I debated posting what I found after I followed the money trail, since just my mention on social media that I was doing the research lost me a customer.  I’d prefer to remain neutral, but I fear that neutrality would result in continued damage to small businesses around the country by an organization that sadly lacks the science to back up their claims.  Being outspoken against the EWG may continue to cost me some customers, but I believe education is the key to fact based decisions and safe cosmetics.

In the past few months I have been terribly disturbed to see the Environmental Working Group send repeated emails requesting just another $10 donation.  Each letter sounds more dire than the next as if the world would literally end if the EWG didn’t meet their budget. 

This inspired me to do a little digging to see just what Mr. Cook himself makes annually since he was making the earth shattering pleas for donations.  The only 990 I could get a hold of for the EWG was 2008

According to BA Carrington with Empowerment Enterprises, LTD, "They (EWG) have not filed a tax return on the 501 c 3 since 2008, according to the 990 database Exempt World, which is a subscription service to track 990’s.  Even though EWG is categorized as a charitable organization, it is still required to file a return under IRS codes and submit their “list of activities” to the IRS on an annual basis, even if they file an extension."  It could be that they have filed an extension and the deadline for the information has not yet passed based on their calendar fiscal year.  For more details on this possibility click here

The EWG has stepped up it’s fundraising to now include promoting the purchase of the very same sunscreens that they claim are bad for you through Amazon to raise money for the EWG.  Read more about that topic click here.

According to 2008 IRS Tax Filings

In 2008 Ken Cook was paid $219.401.00 plus another $21,295.00 estimated amount of other compensation from organization and related organizations. 

Richard Wiles $179,218.00 plus $20,998.00 estimated amount of other compensation from the organization and related organizations. 

Jane Houlihan $150,226.00 plus $19,448.00 estimated amount of other compensation from the organization and related organizations. 

William Walker made $136,448.00 plus 19,743.00 estimated amount of other compensation from the organization and related organizations.

Susan Comfort $115,752.00 plus $7932.00 estimated amount of other compensation from the organization and related organizations.

Sandra Schubert $127,229.00 plus $4884.00 estimated amount of other compensation from the organization and related organizations.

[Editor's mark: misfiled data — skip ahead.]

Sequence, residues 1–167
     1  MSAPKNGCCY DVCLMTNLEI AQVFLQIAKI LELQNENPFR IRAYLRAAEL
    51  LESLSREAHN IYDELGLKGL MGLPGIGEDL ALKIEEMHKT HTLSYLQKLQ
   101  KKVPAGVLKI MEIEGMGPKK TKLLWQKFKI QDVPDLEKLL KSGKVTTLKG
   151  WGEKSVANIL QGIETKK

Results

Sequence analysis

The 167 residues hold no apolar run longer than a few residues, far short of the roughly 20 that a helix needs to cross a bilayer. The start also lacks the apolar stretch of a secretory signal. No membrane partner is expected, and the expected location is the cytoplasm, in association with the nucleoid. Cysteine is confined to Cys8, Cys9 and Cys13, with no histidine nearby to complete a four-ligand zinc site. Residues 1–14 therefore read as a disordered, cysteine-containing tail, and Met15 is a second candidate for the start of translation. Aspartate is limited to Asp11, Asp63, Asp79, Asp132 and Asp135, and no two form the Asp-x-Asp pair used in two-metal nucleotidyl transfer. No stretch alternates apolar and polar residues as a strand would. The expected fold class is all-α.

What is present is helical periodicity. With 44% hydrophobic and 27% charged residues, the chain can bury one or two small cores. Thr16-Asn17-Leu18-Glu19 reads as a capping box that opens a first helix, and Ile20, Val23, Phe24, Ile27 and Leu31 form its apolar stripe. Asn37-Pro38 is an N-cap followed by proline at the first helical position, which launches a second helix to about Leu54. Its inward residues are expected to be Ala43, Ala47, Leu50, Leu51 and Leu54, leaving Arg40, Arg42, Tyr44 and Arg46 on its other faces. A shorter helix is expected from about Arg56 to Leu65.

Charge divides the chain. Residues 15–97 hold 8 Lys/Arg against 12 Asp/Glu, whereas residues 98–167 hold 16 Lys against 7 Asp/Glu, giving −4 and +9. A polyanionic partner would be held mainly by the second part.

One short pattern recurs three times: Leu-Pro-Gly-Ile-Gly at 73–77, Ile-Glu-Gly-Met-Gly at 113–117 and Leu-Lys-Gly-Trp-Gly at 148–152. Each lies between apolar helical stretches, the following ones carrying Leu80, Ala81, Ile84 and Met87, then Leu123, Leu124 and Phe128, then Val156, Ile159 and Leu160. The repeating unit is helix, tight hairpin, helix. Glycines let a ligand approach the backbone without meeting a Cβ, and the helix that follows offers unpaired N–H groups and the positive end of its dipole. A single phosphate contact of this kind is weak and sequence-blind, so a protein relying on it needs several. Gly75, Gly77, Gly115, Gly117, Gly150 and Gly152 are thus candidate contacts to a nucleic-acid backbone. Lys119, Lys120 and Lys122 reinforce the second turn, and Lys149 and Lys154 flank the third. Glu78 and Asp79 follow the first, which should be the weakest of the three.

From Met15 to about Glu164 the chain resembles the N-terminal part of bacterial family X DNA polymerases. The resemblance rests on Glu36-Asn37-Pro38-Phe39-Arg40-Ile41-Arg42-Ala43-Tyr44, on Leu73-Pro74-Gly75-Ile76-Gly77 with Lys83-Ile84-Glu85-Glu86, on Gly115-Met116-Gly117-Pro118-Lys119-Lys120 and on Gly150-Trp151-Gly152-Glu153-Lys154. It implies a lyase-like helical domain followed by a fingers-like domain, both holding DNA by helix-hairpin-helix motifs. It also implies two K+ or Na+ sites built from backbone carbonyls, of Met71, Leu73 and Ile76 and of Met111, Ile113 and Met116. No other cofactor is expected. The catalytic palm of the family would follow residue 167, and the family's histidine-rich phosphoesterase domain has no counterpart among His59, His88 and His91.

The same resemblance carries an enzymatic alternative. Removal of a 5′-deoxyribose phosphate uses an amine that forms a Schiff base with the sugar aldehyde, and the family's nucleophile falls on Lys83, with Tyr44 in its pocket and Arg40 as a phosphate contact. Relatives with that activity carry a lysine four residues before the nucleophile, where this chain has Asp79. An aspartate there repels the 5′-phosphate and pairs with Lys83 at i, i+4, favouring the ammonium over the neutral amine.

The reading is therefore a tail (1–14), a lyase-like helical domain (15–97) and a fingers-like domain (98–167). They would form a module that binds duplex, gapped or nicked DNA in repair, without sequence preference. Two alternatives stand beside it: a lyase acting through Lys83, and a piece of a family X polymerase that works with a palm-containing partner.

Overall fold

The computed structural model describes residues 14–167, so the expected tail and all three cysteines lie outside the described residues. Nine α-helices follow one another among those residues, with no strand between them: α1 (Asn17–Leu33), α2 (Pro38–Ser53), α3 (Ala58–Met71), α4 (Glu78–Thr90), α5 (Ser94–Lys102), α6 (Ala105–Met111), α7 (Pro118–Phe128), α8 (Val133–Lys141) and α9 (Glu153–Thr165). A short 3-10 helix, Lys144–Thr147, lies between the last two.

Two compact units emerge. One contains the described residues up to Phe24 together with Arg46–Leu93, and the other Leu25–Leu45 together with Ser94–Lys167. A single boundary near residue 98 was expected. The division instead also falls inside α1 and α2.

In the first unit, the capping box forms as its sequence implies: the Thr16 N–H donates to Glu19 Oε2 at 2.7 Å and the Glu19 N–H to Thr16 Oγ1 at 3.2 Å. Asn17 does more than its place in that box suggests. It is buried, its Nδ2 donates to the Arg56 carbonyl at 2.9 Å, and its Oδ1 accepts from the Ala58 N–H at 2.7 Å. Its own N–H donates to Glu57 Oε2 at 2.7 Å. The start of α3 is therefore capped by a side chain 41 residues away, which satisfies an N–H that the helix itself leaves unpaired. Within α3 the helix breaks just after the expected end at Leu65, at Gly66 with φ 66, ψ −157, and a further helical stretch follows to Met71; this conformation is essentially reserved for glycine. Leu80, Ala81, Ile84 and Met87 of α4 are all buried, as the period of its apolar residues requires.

Alexander Formuzis $120.592.00 plus $10,920.00.  Christopher Campbell $136,909.00 plus $11,988.00 estimated amount of other compensation from the organization and related organizations.

Breaking it all Down

In case you got sick of reading the pay that is a total of $1,185,775.00 being paid to the top 8 employees of the Environmental Working Group just in 2008.  The total estimated amount of other compensation from the organization or related organizations for the top 8 at EWG was $117,248.00.  The total reported 2008 salaries for EWG was $3,203,747.00 in 2008.  The 2008 total revenue at EWG was $6,242,570.00.  Over half of their total revenue went into paying the employees of EWG. 

I am not opposed to making a profit.  I believe in Capitalism.  I also appreciate that it takes time, money and resources to pursue any public policy position. But still, more than half of the operating budget is a lot.  I am troubled when a non-profit that asks for $10 via email and $5 most of the time you click on their Skin Deep website as if they are on the verge of going out of business is spending so much of your money on their executives. 

In 2006 Ken Cook was reported to have been paid $192,000.00.  If Ken Cook continued at the same rate of pay increase over the past two years as he did from 2006 to 2008 he may be making as much as $245,000.00 (only an estimate based on the pay rate of increase from 2006 to 2008).

No wonder I get so many requests for another $5 or $10 donation from the EWG. At 2008 pay rates they need at least 118,578 people to donate $10 just to cover their top 8 executives pay…who knows how much is needed to cover it in 2009 and 2010?!

You have to wonder if the EWG is really hurting for money or if they just like to keep their budget at a certain number.  In 2008 the net assets or fund balances were $5,171,374.00 at the end of the year.  They were given gifts, grants, contributions and memberships fees in 2004 of $4,975,899.00, 2005 of $3,539,214.00, 2006 of $3,478,044.00, 2007 of $4,004,846.00 and 2008 another $5,963,800.00. 

A very revealing, carefully documented and thoroughly research of the history of and who is behind the EWG can be found on the Personal Care Truth website (click here to read.)

The EWG, Skin Deep and the Campaign for Safe Cosmetics have made many claims that cosmetic companies are financially driven to claim that ingredients are safe, I am simply wondering if EWG has a financial interest in saying that they are not safe.  I don’t know many small business cosmetic owners who are making as much money as the top 8 at EWG. 

I’m just saying…in this economy do they really need your $10?  What do you think?  Does knowing the money trail color your impression of the EWG as a non-profit?

Kayla Fioravanti and her husband Dennis own and operate Essential Wholesale

Ed. note: After reading Kayla’s excellent report and the comprehensive history at Personal Care Truth, as well as examination of available information  on the EWG website and other sources, several red flags wave.  These include, but may not be limited to, proportional ratio of administrative salaries vs. actual program funding; lack of transparency of donors as well as staffing and operations; unclear financial and staffing relationship between EWG and EWG Action Fund.  In 2002 an IRS complaint was filed against EWG asking for an investigation and revocation of their nonprofit status.  Further research is needed to establish the determination of that action.

© 2008-2009 Marcia Elston Suffusion theme by Sayontan Sinha